The media and pro-vaccine advocates claim that because some parents are reluctant to vaccinate their children, there may be a widespread measles outbreak. A growing number of parents are having doubts about vaccinations, and some of them refuse to vaccinate their kids at all. According to certain surveys, one in six parents—four times more than in 2019—truthfully opposes vaccinations for their children. More Canadians now believe that parents, not the government, should determine whether or not their children receive vaccinations.

But are the hazards to our children a result of our over-confidence in the vaccine industry or of the reluctance of some parents to vaccinate?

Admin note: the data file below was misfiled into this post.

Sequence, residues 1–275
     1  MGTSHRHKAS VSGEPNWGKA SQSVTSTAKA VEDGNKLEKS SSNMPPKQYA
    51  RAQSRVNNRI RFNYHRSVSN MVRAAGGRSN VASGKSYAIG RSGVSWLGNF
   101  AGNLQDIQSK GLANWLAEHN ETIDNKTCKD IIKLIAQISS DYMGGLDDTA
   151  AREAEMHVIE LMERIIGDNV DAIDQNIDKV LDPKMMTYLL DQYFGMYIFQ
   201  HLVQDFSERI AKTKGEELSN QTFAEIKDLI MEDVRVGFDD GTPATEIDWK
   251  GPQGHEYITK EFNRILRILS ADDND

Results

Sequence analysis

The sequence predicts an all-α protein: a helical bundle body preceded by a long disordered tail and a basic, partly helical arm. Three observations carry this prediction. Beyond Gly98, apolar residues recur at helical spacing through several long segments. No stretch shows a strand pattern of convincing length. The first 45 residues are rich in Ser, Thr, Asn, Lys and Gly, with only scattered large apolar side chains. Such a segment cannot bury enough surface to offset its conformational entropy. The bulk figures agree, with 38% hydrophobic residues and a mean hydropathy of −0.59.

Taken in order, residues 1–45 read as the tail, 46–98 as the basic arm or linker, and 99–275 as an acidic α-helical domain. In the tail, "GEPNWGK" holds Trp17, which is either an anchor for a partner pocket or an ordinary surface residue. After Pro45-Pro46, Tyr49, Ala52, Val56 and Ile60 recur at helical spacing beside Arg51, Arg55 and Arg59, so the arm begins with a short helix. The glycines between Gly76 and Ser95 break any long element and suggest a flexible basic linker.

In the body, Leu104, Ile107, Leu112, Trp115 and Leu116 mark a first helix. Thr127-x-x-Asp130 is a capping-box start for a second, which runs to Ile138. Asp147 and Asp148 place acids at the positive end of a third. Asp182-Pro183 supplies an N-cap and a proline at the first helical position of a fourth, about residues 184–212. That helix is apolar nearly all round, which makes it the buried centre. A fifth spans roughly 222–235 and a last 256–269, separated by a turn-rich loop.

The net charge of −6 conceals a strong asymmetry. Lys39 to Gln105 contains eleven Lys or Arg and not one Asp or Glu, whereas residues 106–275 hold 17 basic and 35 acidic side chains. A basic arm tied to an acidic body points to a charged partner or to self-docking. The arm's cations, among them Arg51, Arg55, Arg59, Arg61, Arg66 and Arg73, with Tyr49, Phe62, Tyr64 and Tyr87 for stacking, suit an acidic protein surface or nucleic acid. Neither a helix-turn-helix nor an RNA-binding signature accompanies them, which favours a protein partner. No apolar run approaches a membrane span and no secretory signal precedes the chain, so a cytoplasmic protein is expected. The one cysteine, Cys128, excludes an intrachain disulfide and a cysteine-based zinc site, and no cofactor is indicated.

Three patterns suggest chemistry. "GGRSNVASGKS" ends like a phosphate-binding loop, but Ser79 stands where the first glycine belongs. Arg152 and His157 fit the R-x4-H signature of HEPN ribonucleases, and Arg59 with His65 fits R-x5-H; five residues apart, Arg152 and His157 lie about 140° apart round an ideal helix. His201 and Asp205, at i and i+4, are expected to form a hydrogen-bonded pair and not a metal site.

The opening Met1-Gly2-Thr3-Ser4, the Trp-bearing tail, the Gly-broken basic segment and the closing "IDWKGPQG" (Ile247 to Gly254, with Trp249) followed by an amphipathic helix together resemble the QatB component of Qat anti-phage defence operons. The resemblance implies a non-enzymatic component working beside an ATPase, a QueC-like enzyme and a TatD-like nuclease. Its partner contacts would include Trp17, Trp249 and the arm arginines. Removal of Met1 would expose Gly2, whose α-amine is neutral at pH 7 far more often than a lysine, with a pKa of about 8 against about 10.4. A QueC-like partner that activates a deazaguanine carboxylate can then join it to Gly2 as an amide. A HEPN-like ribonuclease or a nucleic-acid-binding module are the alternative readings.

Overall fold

The vaccine industry claims that all vaccines are effective and safe, that they have saved many lives, and that our children require them. But none of these assertions are supported by any concrete evidence. They resemble commercials more than genuine scientific research. They further claim that measles is a serious disease that can harm our children and that it might be eradicated if everyone had the vaccination. However, the data also doesn’t entirely support these assertions.

A Childhood Rite of Passage

Before the vaccine was developed in 1963, the majority of children contracted the measles. It affected almost every child. It entailed remaining at home and receiving parental care. They even produced a television program called “The Brady Bunch,” which extolled the virtues of having the measles. Older people who were not vaccinated wonder why the measles is causing such a stir and anxiety these days.